Many parents are familiar with Google Docs, Google’s online word processing app. It’s become a staple of the workplace — easily shareable, great for collaboration, and with a fool-proof autosave feature.
For these same reasons, Google Docs has also become popular in schools, with many children using it for schoolwork, homework assignments, and even group projects. But kids are incredibly inventive, and they’ve managed to turn Google Docs into a de facto communication and social media hub. Confused? We’ll break it down for you.
When one person is typing in a Google Doc, it’s like a piece of paper. When you share it with a friend, however, it becomes one large text conversation. You can invite as many people to join the conversation as you want, and everyone can contribute in real time. How do kids tell who’s who? Little avatars in the corner show who else is viewing the document, with assigned profile colors that match that user’s cursor.
Kids have turned to chatting in Google Docs in class out of necessity. Schools often block stand-alone chatrooms and social media platforms with a firewall, and students know that websites for school work can’t be blocked. Classroom chats in Google Docs can then pick up right where they left off when kids get home. While parents may think their child is deep into a history paper, they may actually just be chatting with friends.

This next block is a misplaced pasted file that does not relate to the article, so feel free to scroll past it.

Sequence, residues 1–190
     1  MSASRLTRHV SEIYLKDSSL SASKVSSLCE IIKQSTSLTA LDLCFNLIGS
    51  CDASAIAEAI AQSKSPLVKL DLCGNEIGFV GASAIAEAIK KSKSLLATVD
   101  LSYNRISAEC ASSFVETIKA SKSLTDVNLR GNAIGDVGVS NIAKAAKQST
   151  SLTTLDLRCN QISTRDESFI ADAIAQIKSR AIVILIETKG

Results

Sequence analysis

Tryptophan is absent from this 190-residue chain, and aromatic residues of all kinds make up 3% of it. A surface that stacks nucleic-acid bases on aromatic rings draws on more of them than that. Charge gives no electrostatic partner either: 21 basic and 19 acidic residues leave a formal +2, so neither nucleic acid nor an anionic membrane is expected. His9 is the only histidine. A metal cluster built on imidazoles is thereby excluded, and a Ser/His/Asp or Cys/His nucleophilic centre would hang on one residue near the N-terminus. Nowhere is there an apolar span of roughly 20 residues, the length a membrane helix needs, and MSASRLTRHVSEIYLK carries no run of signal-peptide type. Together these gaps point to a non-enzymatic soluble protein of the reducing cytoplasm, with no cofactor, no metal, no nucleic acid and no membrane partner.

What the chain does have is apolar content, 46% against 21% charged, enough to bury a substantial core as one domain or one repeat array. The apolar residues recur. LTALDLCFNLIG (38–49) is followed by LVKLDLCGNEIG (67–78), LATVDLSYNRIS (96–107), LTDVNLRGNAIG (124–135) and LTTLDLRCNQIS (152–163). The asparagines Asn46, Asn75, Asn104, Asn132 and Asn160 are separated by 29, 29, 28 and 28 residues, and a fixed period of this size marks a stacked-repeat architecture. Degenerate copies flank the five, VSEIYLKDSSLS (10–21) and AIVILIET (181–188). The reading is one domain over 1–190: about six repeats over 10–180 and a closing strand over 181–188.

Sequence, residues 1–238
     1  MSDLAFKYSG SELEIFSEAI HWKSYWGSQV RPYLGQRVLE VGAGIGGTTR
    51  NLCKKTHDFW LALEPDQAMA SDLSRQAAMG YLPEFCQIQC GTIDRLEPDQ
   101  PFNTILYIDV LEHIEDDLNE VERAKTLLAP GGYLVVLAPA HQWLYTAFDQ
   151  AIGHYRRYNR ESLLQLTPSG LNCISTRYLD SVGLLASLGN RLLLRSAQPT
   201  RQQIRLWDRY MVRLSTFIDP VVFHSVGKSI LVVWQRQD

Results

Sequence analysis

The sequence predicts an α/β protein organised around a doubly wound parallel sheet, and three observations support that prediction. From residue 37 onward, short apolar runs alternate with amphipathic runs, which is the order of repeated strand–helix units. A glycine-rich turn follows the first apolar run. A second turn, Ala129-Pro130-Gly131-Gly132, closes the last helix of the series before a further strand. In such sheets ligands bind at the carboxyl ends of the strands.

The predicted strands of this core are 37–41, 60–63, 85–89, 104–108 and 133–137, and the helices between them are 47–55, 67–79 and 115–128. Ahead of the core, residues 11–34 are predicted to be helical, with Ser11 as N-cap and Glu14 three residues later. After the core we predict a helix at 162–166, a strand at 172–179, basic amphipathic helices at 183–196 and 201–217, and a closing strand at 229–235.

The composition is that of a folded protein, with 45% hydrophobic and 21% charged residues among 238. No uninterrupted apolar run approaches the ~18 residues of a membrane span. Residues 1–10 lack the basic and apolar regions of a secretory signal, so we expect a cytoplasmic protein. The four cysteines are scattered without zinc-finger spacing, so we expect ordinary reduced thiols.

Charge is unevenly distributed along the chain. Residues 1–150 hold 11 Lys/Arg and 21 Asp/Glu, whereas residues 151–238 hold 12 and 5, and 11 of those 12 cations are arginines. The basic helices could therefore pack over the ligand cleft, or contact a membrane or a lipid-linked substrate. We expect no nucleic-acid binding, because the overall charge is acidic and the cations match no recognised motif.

At Bark, we’ve seen more than 60,000 cases of kids ganging up on other children in Google Docs. They work in tandem to write mean or hurtful things in a shared Google Doc. In other cases, kids create private, digital “burn books” and invite others to contribute while leaving out the teased child.
A DIY social media platform
A blank Google Doc can also become more than just a chatroom. By adding images and embedding videos, kids can make it into a repository for jokes, memes, photos, and more. Kids can comment on images and text, and create jokes and stories filling page after page. Like Snapchat, kids can post images and then quickly delete them.
Google Docs can be accessed on any device that connects to the internet. Many kids use it as a diary; a convenient one that can be pulled up anywhere and anytime, whether on their phone, tablet, school Chromebook, or home desktop. But unlike traditional pen-and-paper diaries, these new electronic journals are entirely private, leave no paper trail, and don’t have to be hidden under the bed. Kids often pour their hearts into Google Docs, keeping hidden the signs of depression or anxiety they don’t share on social media or in texts and emails.
Whether your child uses Google Docs at school, at home, or both, Bark can help monitor what they’re getting into.
Bark for Schools provides free monitoring for student-issued accounts for K-12 schools in the U.S. Ask your child’s school if they’re currently using Bark — if not, direct them to bark.us/schools to learn more.